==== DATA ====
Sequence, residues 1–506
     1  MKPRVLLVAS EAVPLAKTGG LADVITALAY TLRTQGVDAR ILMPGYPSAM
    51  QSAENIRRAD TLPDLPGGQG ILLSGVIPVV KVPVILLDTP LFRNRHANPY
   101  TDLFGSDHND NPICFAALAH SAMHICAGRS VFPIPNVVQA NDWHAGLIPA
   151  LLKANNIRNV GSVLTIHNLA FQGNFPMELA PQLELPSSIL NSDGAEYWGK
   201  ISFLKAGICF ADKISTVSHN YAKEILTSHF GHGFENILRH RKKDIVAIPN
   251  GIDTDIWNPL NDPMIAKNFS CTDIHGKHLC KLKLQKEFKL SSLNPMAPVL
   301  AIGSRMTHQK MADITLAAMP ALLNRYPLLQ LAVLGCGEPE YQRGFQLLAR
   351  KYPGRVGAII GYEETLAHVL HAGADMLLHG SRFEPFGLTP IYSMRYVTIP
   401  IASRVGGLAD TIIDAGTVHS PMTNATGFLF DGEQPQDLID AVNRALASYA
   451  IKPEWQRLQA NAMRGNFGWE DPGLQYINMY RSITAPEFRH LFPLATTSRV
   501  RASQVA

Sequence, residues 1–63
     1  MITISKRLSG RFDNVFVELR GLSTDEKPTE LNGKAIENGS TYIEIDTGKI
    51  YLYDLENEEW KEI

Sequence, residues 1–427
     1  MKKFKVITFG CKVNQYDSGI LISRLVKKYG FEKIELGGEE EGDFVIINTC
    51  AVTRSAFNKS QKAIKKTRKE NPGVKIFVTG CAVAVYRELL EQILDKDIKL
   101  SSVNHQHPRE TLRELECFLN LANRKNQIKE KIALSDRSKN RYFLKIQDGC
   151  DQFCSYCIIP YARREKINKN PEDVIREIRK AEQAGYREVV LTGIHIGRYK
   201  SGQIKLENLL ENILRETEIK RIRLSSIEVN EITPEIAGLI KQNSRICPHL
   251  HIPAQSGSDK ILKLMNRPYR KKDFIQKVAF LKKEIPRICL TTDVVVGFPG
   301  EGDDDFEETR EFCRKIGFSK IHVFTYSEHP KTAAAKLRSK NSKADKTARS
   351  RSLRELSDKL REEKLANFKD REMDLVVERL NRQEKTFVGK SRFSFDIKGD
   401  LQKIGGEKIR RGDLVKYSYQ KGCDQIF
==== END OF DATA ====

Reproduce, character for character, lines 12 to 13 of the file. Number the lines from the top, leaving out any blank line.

   501  RASQVA

Sequence, residues 1–63